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Chips in iPhone 7s, Androids, smart TVs vulnerable to rogue Wi-Fi

Broadcom chips in iPhone 7s phones, some Android devices and smart TVs running tvOS are vulnerable

Gal Beniamini of Google Project Zero recently published a proof-of-concept for a remote code execution (RCE) vulnerability present in the Broadcom 802.11k Wi-Fi hardware, running firmware version BCM4355C0.

The flaw affects a number of smartphones, including the iPhone 7 and some Android devices, as well as smart TVs running tvOS.

This vulnerability (CVE-2017-11120) doesn’t need the victim to take any action aside from connecting to a rogue Wi-Fi network owned by the attacker—there’s no app that needs to be installed or phishy link that needs clicking. Once the victim connects their devices to the rogue network, the attacker can install a backdoor onto the victim’s device that gives them full read and write access to its firmware.

Not a big surprise then that Google Android gave this vulnerability the highest rating, Critical, in its September 5 security bulletin.

Researchers working on this vulnerability were able to confirm that it exists on the iPhone 7 and Galaxy S7 Edge firmware. It’s believed that it’s also present in all versions of iOS up to 10.3.3. Details weren’t published until 25 September 2017, by which date fixes for iOS, tvOS and Android had been made available.

This vulnerability has a number of similarities to another Broadcom flaw discovered earlier this year by Beniamini – colloquially called BroadPwn. NakedSecurity’s own Paul Ducklin did a remarkable job with a deep dive into BroadPwn and how it worked, so why not pour yourself a coffee and give that a read too.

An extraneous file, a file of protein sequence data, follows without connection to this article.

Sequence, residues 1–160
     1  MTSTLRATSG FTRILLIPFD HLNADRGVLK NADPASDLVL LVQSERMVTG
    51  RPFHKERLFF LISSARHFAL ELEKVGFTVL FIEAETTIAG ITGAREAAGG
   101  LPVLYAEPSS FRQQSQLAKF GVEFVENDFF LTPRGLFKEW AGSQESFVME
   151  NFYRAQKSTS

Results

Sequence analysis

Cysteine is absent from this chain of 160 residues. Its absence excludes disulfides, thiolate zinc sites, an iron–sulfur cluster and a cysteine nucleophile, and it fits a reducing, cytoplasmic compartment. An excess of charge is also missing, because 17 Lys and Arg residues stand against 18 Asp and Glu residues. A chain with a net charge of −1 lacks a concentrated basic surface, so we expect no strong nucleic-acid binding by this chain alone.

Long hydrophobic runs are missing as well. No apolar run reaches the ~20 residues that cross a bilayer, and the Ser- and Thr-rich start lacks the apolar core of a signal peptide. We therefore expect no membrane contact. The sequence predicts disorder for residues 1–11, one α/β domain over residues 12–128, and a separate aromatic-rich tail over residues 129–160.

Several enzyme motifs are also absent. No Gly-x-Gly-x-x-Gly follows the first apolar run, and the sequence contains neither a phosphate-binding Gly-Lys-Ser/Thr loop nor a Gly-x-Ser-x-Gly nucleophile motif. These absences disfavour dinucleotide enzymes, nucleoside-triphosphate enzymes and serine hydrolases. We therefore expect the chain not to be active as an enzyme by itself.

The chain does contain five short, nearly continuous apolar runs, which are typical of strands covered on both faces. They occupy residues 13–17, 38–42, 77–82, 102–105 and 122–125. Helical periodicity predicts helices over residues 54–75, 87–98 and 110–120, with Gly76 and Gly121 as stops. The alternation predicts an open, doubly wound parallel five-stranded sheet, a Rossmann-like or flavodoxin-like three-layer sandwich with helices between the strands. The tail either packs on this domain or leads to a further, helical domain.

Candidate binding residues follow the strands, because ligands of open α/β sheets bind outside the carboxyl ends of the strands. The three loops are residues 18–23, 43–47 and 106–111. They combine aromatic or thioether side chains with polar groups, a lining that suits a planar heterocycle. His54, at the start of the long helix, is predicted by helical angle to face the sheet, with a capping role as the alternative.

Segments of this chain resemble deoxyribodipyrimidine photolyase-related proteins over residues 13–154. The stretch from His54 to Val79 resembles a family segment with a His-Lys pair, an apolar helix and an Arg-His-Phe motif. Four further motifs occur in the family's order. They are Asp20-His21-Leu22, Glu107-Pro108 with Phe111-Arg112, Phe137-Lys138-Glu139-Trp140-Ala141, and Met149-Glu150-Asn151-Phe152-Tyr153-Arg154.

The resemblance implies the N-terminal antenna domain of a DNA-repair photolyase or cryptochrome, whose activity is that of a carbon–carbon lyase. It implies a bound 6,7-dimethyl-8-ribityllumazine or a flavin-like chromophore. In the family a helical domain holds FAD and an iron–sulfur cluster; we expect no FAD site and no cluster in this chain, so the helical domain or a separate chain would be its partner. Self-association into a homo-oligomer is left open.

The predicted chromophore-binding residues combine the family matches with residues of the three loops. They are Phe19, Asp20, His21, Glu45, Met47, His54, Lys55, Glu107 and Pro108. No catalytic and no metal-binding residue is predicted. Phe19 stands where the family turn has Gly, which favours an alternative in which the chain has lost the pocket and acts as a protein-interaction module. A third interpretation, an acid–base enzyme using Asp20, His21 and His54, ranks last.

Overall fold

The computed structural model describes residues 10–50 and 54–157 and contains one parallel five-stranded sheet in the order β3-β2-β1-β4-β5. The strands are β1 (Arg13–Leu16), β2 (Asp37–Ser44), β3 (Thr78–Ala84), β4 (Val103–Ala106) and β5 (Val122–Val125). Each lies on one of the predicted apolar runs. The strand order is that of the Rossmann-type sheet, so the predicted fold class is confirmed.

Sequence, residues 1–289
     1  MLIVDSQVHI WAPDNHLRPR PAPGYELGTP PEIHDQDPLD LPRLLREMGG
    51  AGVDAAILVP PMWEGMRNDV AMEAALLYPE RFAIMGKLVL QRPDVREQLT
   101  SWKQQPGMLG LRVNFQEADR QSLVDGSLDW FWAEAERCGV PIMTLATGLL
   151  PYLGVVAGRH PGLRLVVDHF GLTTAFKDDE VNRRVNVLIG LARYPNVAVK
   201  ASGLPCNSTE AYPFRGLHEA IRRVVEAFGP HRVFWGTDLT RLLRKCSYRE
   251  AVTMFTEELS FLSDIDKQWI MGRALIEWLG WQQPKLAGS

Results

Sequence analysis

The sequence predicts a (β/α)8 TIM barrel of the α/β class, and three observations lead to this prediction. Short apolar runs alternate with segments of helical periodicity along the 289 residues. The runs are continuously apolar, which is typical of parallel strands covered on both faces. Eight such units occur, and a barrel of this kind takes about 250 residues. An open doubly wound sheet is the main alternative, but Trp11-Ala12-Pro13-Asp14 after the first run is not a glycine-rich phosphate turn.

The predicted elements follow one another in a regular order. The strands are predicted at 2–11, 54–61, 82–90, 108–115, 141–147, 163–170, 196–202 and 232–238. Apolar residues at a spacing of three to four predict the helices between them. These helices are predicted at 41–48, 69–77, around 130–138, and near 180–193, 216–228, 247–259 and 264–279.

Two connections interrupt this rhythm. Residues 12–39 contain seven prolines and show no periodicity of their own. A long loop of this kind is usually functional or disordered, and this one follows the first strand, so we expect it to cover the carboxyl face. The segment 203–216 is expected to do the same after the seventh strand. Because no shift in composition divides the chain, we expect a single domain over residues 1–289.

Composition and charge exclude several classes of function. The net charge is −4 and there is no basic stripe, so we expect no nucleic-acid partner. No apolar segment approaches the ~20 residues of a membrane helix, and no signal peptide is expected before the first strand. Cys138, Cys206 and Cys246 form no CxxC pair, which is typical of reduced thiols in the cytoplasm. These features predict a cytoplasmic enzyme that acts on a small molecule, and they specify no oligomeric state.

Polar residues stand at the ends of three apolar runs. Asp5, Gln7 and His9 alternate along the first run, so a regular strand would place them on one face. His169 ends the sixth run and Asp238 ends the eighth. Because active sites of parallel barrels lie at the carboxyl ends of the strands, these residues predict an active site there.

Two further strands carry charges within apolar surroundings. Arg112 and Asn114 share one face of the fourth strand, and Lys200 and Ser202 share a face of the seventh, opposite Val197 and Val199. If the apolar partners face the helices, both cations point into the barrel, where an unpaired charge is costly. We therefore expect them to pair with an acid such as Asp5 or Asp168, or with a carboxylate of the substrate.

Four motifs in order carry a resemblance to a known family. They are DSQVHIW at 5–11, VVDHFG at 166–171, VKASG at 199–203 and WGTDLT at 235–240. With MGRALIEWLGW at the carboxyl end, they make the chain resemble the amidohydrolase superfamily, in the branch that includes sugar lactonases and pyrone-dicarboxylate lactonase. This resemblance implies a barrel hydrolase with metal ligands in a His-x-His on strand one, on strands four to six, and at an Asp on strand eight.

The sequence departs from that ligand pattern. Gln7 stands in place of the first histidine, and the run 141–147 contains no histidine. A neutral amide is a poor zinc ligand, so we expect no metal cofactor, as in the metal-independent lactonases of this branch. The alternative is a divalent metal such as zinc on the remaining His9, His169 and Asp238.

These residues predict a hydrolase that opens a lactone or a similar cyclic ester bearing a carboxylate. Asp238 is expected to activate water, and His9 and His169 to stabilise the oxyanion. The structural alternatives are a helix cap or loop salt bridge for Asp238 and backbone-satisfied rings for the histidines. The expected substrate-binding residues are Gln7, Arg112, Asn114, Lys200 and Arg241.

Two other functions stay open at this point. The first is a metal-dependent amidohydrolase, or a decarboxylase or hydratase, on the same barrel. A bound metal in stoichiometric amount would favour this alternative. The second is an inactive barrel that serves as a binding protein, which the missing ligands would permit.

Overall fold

Thankfully the fix for this serious problem is pretty simple for most users: update now.

Both BroadPwn and this yet-to-be-named vulnerability (The Return of BroadPwn?) serve as a reminder that keeping your mobile devices up-to-date is your first line of defense against potentially devastating RCEs. And in the case of this bug in particular, it’s also a warning about the dangers of connecting your devices to just any old public Wi-Fi.

Not sure if your device is affected? Some of the devices that should patch right away are below.

Update the following Apple products to the latest release (25 September release as of this writing)

This vulnerability is addressed in the 2017-09-05 security patch for Android.


“Thankfully the fix for this serious problem is pretty simple for most users: update now.”
I wish. Maybe when Android fixes its update mechanics in the future, but as an owner of an S7 Edge, I will probably have to wait a few more months before I finally get an update.


As Lily said, those using devices from manufacturers that do not really care about updates will have to wait for, or even forget about getting any updates at all.
For most mobile devices, internal hardware firmwares are rarely/never updated; only the operating system on top (and then maybe only once or twice over the device lifespan).
Even if you have a Google Nexus/Pixel you’re still potentially left hanging when it comes to the firmware blobs hidden inside the radio devices of a phone or tablet, because their content is proprietary and deliberately kept in secrecy; if the manufacturer of the proprietary firmware says no, Google can only try to work around it. And when it can’t, that’s the end of it.
No amount of tinkering or updating by end users will fix that insecure by design situation.


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